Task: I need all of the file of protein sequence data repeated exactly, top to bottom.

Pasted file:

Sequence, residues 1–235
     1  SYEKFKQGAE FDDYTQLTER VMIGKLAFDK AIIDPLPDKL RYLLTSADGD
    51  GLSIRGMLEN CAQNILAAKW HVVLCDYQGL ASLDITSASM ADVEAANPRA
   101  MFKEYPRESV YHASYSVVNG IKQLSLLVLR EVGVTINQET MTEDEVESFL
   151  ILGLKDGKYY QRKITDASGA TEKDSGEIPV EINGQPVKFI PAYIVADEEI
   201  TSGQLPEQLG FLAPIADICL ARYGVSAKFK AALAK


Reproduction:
Sequence, residues 1–235
     1  SYEKFKQGAE FDDYTQLTER VMIGKLAFDK AIIDPLPDKL RYLLTSADGD
    51  GLSIRGMLEN CAQNILAAKW HVVLCDYQGL ASLDITSASM ADVEAANPRA
   101  MFKEYPRESV YHASYSVVNG IKQLSLLVLR EVGVTINQET MTEDEVESFL
   151  ILGLKDGKYY QRKITDASGA TEKDSGEIPV EINGQPVKFI PAYIVADEEI
   201  TSGQLPEQLG FLAPIADICL ARYGVSAKFK AALAK